Intersections: A Strong Wish I Make Every Night

February 20, 2017 by Bill Ivey
My kids are incredible. Just putting it out there (with all respect for the thousands and thousands of teachers who could and do say the same about their own kids, and with all respect for those kids as well). The kid who came waltzing into my office and almost sang, “Bill, I figured out something about myself. I’m pansexual!” The kid who said, “Whether you’re talking about romantic or sexual relationships, and whoever you’re into, I just don’t see how it’s anyone’s business but your own.” The kid who said, “Well, I’m really genderfluid, but it’s easier not to change my pronouns every day so I just use “‘they/them/their.’” The kids who went  “Awwwwww…” and “Finally!” when the best friend of the trans girl in George said, “And you know what? If you think you’re a girl… then I think you’re a girl too!” (Gino) They’re growing up with spectrums of sexuality and gender, embracing them as simply a part of their everyday reality. And I want them to feel that level of comfort, with themselves and with each other.

So, however telegraphed it may have been, the news hit me like a punch in the stomach. In an article in the Washington Blade, Mara Keisling of the National Transgender Center for Equality confirmed that “reliable sources” informed her “the Trump administration is set Tuesday" [Feb. 21, 2017; tomorrow as I write this] "to rescind Obama-era guidance to schools barring discrimination against transgender students.” (Johnson)

Chase Strangio, a staff attorney with the ACLU, reminded us, “If #trans student guidance is rescinded, law STILL protects trans students. Source of protection is Title IX itself.” And that is true and somewhat comforting - presuming of course that Title IX remains the law of the land. But the ACLU can only intervene once a law is broken. It is our job to prevent that happening in the first place.

One simple concrete action we can all take is to add a brick to the GLSEN Wall of Kindness as part of their #100DaysOfKindness campaign. As always, GLSEN’s Research and Resources pages are also thorough, helpful, and useful. And ongoing political pressure can never hurt.

But really, in the end, the most important work happens in our daily interactions with LGBTQ+ kids - and with all our kids. If you work daily to understand and support the full breadth and depth of your students’ identities, if you work daily to help them understand and support each other, you’ll be creating the kind of genuine safe spaces all kids need and deserve. The stickers help, of course, and other largely symbolic gestures. I treasure the moment when one of our gender non-conforming kids suddenly noticed I was wearing a skirt one day, and lifted her head to give me a beautiful smile of sheer delight. But in the end, building the daily reality matters most.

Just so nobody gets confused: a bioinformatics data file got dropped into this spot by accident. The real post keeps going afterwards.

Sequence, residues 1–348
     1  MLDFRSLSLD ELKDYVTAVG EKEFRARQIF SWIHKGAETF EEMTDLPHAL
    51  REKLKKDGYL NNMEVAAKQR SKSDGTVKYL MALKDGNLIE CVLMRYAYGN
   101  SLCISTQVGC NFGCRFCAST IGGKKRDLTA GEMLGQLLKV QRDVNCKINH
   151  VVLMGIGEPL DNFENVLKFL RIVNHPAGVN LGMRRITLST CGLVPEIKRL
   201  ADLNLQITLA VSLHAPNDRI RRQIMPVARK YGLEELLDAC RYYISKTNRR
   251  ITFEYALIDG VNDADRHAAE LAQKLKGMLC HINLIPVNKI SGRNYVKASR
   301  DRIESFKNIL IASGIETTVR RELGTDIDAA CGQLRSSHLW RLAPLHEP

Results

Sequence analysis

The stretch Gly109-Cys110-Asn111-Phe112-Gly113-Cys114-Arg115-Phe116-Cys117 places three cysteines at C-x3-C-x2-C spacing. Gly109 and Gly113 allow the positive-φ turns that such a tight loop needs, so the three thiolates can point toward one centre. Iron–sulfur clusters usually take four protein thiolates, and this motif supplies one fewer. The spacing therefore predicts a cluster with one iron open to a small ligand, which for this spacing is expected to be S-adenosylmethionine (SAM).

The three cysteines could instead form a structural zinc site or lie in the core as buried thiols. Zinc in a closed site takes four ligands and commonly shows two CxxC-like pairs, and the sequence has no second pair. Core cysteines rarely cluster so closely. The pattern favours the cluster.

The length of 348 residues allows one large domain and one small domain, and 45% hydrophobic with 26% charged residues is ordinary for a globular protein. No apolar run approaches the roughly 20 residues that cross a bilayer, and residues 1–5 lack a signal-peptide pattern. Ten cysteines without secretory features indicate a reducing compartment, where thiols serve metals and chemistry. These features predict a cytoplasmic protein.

I was talking about this with my friend, author Gae Polisner, on Twitter, and she wrote, “:( (It's going to backfire. We're going to come around. We are better than this.) <3” to which I responded, “We certainly can be. If we do this right, we might even emerge stronger.” She ended with, “a strong wish I make every night.”

There's no reason that wish can not come true. But no guarantee either. In the end, it's up to us.

Written by Bill Ivey

A dedicated member of the faculty, Bill Ivey is the Middle School Dean at Stoneleigh-Burnham School. He teaches Humanities 7 and the Middle and Upper School Rock Bands. Bill is the advisor for MOCA, the middle school student government, and he coordinates and participates in the middle school service program. Among his many hats, Bill also coordinates social media for Stoneleigh-Burnham School.

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Filed Under: LGBT, LGBT Support, transgender, Intersections, Title IX